Outsourced by Dave Zeltserman – review

Reviewed by Ron Clinton

outsourced dave zeltsermanBoston-area author Dave Zeltserman continues his streak of compulsively-readable thrillers with OUTSOURCED, a novel that examines the illicit lengths to which desperate people will sometimes go to recapture the lifestyle they feel they need or deserve. OUTSOURCED focuses on a group of middle-aged software engineers who have all seen their jobs outsourced to foreign countries, leaving them unemployed, embittered and vying for control and financial solvency in their lives. Their solution: take advantage of a known programming weakness in the computer security of a local bank that will allow them to rob it without fear of alarms.

Dan Wilson, the central protagonist of the novel, has additional concerns that push him to embrace this solution – he is going blind, and his health insurance is no longer present to ensure his care and, in turn, his family’s future. His wife ratchets up the pressure by urging him to find a job, and we see Wilson’s faltering commitment to pull the heist unintentionally bolstered by her encouragements. The driving motivations of his fellow engineers are somewhat less pressing, but no less valid and reasonable in their own eyes. These are the types of characters that drove the paperback-original industry in the ‘50s and ‘60s: desperate individuals driven to deviancy because of external pressures, real or perceived, who through their own actions become quickly enmeshed in a cyclical plummeting of misfortune. As was typical in those vintage novels, things go wrong in OUTSOURCED. Violently wrong. The solidarity of Wilson and rest of his amateur crew abruptly splinter, and all four claw for the spoils of their robbery and, increasingly, their own survival. Dan’s struggle is particularly compelling as he comes to see that his actions may have unforeseen and frightening ramifications for the lives of his family. Throw in Russian gangsters, a FBI agent adrift in his own emotional despair, and a familial environment in the Wilson home that adds a sobering and emotional contrast to the criminal aspect, and you have what will surely be one of this Spring’s best suspense novels.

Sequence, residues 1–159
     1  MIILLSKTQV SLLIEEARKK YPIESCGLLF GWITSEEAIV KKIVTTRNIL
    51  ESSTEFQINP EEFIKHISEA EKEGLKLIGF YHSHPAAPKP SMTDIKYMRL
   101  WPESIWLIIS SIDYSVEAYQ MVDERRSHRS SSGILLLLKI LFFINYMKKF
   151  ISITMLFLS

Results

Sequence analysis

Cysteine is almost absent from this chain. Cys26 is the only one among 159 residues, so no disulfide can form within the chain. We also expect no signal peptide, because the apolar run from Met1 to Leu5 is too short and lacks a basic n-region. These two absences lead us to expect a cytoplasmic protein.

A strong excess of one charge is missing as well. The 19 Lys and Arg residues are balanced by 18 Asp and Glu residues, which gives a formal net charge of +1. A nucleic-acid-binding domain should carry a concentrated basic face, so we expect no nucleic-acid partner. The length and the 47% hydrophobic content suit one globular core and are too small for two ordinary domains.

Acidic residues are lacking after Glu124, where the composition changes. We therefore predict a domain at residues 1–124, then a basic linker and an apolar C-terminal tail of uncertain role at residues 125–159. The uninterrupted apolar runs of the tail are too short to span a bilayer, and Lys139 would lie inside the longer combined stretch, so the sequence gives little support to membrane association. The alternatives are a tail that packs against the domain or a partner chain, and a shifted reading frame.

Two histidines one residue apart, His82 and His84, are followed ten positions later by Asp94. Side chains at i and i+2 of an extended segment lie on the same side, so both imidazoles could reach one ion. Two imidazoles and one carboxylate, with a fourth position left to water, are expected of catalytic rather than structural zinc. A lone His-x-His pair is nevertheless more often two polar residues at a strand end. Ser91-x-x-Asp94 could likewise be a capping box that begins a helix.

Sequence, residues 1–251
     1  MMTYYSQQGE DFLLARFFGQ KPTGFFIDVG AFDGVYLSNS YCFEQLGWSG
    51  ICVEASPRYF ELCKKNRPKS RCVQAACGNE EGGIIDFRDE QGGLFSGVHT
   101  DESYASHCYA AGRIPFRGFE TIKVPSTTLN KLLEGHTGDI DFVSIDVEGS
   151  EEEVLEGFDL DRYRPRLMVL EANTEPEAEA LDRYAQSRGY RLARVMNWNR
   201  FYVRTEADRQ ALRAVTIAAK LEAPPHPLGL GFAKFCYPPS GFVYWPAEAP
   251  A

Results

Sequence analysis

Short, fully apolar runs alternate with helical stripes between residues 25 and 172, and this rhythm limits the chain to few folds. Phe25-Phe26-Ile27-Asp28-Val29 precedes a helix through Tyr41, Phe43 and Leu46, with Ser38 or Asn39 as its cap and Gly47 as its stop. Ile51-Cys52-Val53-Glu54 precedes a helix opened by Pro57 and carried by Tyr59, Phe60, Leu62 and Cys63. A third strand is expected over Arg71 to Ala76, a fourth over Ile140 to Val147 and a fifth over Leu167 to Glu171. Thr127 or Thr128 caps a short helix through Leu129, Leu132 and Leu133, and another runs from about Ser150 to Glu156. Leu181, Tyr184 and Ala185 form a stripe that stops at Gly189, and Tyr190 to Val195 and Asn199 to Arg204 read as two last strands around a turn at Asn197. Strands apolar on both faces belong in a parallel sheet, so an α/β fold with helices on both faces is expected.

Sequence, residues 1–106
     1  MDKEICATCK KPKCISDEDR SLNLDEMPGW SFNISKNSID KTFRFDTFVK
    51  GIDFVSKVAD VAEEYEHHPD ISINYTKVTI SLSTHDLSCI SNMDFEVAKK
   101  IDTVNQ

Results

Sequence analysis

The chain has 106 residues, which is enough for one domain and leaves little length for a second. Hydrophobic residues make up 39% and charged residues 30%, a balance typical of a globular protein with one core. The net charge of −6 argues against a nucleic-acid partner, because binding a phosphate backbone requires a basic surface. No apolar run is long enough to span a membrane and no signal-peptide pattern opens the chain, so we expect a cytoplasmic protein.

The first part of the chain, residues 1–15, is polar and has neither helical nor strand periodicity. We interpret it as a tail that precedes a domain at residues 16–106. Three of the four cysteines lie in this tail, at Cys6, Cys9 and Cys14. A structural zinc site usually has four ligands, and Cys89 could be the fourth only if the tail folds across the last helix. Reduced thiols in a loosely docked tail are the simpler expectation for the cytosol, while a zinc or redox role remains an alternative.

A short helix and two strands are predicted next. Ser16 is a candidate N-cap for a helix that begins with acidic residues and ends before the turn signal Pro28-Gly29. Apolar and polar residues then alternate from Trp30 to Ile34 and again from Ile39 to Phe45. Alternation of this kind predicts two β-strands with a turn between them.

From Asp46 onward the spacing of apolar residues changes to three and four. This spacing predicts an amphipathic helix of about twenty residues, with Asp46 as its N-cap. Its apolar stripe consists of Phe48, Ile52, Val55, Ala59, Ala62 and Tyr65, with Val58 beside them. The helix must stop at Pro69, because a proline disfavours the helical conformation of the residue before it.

While OUTSOURCED is an outstanding novel, it is, however, not a perfect one as it does lack a certain degree of plausibility in spots. First, it seems somewhat unlikely that a group of four previously law-abiding friends would all suddenly and unanimously agree to commit a major felony by robbing a bank. None of the other three engineers appear as constrained by their problems as Dan, so their easy acquiescence to join Dan in his heist seems perhaps more an example of creative license than organic realism. In addition, an action by one of the four engineers outside the bank immediately following the robbery also strains plausibility since it’s almost certain to spell their downfall; the inevitability of the event’s consequences, however, does serve well as an authorial device to logically unfold the rest of the compelling narrative. Yet, as with most caper stories, these instances of questionable plausibility do not really serve to weaken the novel. Similar to the film OCEAN’S 11 (and its sequel, OCEAN’S 12), OUTSOURCED is enthralling, wide-screen commercial entertainment (no surprise then that its movie rights have already been snatched up pre-publication), which perhaps affords it certain narrative liberties that Zeltserman’s more literary noirs like PARIAH and KILLER could not abide.

Zeltserman was employed in the software industry for twenty-two years, and this intimate familiarity adds an authenticity to the explosive drama of the novel and, in particular, to the IT engineers who struggle within its construct. The author’s mastery at characterization is as honed here as it’s ever been, and the narrative thrust displays furious cinematic pacing. Caper and heist novels of the sort exemplified by Lionel White and Richard Stark, respectively, have spurred a number of imitators throughout the decades, but few match the thrills present in Zeltserman’s contemporary offering. Highly recommended.

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